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Town of Mount Gilead adopts healthy foods policy

| Date Posted: 5/27/2011

MOUNT GILEAD – At a time when obesity has reached epidemic proportions in many American cities and towns, leaders of the Montgomery County town of Mount Gilead (population 1,341) have launched an effort to try and reverse the trend in their community.

The recently adopted Town of Mount Gilead Healthy Foods Policy provides “opportunities for healthy foods and beverages” at all town meetings, potluck and catered events, and community health fairs as well as for town-operated children’s programs.

“We try our best to have healthy choices,” says Town Manager Katrina Tatum. “We’re trying all these things in an effort to change eating habits.”

The policy, which became effective Feb. 8, 2011, is intended to reach town employees and community residents alike and notes that “heart disease, cancer and stroke – the top three causes of death in North Carolina – are largely affected by what we eat and how active we are.”

According to Tatum, the new policy grew out of a particular effort to see that healthy foods, snacks and beverages would be offered during the town’s summer park program for children. The Healthy Snacks Nutritional Standards Policy for the Mount Gilead Summer Park Program sets caloric and fat content according to guidelines from the Eat Smart North Carolina program.

Calories for snack food items can’t exceed 250, and total calories from fat can’t exceed 35 percent, except for foods that are mainly nuts, eggs, cheese, non-fried foods, legumes or seeds. Plain water is offered as a healthy option, and milk or flavored milk must be 1 percent or fat-free.

An attachment to the policy includes examples of healthy snacks as recommended by the Center for Science in the Public Interest, which says that most of the snacks served to children should be fruits and vegetables since most kids don’t get the recommended servings of five to 13 a day.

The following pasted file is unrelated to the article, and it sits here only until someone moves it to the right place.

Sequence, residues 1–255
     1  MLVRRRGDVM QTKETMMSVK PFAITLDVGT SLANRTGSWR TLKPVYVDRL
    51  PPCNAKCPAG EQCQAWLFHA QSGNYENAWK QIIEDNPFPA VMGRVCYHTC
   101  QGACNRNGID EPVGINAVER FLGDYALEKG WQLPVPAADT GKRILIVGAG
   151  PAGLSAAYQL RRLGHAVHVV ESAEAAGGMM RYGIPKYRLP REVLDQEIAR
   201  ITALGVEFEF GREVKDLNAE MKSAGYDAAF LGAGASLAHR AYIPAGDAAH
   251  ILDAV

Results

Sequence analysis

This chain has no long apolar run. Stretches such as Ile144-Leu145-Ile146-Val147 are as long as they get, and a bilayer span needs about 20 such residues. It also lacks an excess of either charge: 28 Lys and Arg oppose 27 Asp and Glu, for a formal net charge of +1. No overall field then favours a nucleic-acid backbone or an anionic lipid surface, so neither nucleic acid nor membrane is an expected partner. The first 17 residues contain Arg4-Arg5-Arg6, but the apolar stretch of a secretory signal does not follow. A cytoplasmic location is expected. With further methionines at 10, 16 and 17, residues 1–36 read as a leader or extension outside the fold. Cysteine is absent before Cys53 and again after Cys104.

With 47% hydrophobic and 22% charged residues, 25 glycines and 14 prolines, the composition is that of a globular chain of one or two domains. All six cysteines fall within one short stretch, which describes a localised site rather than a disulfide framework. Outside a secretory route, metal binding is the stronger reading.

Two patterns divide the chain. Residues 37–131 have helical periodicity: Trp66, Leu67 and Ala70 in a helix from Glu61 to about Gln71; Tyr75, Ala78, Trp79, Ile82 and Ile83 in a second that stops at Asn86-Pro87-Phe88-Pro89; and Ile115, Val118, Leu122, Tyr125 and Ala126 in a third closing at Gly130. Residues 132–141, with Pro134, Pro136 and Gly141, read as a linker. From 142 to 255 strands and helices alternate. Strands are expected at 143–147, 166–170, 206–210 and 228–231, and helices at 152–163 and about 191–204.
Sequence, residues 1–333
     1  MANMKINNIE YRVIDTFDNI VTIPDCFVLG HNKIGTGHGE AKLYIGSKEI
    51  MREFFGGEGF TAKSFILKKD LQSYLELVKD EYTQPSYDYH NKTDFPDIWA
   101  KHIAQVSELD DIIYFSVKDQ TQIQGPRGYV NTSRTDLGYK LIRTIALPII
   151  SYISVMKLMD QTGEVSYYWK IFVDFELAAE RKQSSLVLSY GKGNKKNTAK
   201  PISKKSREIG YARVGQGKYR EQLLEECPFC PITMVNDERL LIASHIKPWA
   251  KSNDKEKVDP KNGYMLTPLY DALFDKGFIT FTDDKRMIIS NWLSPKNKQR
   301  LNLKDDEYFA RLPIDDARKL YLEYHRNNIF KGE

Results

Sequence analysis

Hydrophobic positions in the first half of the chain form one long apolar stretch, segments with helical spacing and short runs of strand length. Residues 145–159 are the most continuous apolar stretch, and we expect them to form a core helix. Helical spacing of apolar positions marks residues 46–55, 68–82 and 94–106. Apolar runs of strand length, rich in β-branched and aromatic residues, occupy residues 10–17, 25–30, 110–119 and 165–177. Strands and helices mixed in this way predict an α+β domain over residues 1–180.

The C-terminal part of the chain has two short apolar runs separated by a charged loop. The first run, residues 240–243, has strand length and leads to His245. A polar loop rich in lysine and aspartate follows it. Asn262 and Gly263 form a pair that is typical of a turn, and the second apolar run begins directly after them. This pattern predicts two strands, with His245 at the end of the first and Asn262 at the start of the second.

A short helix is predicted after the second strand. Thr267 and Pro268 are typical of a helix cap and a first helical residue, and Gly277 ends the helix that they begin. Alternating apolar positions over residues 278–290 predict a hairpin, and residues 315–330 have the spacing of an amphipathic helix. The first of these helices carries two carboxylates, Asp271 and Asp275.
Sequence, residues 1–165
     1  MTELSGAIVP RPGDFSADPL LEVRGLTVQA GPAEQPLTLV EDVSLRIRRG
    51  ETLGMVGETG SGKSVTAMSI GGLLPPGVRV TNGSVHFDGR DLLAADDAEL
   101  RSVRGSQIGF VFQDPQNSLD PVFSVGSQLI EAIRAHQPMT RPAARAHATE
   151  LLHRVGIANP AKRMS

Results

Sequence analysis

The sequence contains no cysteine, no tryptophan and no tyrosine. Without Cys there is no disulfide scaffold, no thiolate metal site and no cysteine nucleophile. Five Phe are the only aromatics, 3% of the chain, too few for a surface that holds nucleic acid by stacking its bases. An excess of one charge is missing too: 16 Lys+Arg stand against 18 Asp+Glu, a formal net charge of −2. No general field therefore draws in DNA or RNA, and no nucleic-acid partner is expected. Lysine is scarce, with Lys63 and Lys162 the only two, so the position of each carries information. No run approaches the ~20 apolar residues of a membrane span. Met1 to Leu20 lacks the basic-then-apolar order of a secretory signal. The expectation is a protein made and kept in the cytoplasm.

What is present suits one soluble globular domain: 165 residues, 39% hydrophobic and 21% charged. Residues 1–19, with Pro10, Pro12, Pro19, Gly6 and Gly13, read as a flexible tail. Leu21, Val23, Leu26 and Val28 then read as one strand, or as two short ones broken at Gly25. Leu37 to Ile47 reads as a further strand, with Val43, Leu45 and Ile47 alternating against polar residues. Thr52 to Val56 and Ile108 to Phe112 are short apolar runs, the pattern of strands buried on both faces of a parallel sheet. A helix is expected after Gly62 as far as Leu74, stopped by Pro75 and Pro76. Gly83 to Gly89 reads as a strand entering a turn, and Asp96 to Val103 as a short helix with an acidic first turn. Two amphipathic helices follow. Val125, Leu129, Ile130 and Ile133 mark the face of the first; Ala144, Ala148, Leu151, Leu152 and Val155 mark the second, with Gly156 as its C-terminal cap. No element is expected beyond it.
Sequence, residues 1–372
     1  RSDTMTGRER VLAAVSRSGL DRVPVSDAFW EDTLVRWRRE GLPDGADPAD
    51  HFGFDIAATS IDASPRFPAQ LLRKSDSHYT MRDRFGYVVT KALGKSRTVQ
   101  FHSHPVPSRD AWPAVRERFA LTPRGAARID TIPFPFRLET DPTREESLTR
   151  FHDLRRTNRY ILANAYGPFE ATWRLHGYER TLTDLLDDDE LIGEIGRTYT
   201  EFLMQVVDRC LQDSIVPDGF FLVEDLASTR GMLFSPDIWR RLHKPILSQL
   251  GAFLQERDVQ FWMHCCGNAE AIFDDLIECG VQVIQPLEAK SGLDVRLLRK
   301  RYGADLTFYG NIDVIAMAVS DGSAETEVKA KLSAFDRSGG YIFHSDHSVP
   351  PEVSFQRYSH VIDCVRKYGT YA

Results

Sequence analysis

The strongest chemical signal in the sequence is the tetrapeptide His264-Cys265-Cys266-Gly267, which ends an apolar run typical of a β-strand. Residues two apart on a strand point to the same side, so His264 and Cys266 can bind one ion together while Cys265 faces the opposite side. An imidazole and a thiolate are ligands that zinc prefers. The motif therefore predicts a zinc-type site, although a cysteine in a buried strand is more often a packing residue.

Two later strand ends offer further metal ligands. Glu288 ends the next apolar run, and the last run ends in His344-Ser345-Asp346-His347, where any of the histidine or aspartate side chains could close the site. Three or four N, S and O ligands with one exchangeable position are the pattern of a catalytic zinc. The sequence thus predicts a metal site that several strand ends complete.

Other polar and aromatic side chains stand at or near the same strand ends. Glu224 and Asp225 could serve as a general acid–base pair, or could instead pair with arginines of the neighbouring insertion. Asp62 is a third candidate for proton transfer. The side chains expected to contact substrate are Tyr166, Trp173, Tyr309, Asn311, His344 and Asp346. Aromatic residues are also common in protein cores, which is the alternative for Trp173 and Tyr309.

Tatum hopes local children will eventually begin to opt for the same healthy foods at home. “We want children to instinctively reach for the healthier products,” she says. “If we keep pushing it, children are going to mimic what they see. Unfortunately, I think our biggest problem is going to be the parents.”

Tatum and the Town Board have been encouraged in their efforts by FirstHealth Community Health Services through its participation in the Robert Wood Johnson Foundation’s “Healthy Kids, Healthy Communities” (HKHC) program. The four-year, $33 million initiative is aimed at community-based solutions to childhood obesity in 41 cities, counties and regions.

In Montgomery and Moore counties, Healthy Kids, Healthy Communities task forces work to create policy and environmental changes advancing healthy living among children and families in five communities. While Mount Gilead has chosen to focus on healthy food options for town-sponsored activities, some of the other communities are targeting increased physical activity opportunities for children. Aberdeen in Moore County is working on a pedestrian plan that includes creating safe routes to schools and parks, while the Moore County town of Robbins is working on safe places and opportunities for children to play soccer.

“Mount Gilead is setting the example for making healthy eating part of the town’s culture,” says Cindy Laton, a FirstHealth health educator.

Candor in Montgomery County and Southern Pines in Moore County are also part of the program. All five communities were chosen because the high incidence of free and reduced-price lunches in their schools.

Laton has helped enhance the healthy eating focus in Mount Gilead by conducting a Happy Kitchen cooking and nutrition education class for local adults. A program funded through the Kate B. Reynolds Charitable Trust, Happy Kitchen provides information on how to prepare meals that are tasty yet healthy and inexpensive.

“A lot of us have learned healthier choices,” Tatum says. “As we learn these things, we’re passing them on to others by offering programs and creating policies that support healthy lifestyles.”

For more information on the Healthy Kids, Healthy Communities program or about attending or hosting a Happy Kitchen class, call (877) 342-2255.

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